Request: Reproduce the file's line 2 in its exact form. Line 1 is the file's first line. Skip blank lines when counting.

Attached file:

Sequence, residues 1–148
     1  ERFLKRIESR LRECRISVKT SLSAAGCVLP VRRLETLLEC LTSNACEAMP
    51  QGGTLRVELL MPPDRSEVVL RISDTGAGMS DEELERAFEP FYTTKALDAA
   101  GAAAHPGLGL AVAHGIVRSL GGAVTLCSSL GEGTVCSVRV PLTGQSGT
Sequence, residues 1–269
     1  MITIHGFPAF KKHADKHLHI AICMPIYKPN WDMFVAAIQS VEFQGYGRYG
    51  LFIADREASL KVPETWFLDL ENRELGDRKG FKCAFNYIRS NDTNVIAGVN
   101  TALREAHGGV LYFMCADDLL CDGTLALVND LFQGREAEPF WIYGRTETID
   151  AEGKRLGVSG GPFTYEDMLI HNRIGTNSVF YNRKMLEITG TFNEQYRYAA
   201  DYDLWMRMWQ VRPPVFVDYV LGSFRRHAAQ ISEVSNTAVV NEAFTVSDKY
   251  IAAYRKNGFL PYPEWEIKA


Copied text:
     1  ERFLKRIESR LRECRISVKT SLSAAGCVLP VRRLETLLEC LTSNACEAMP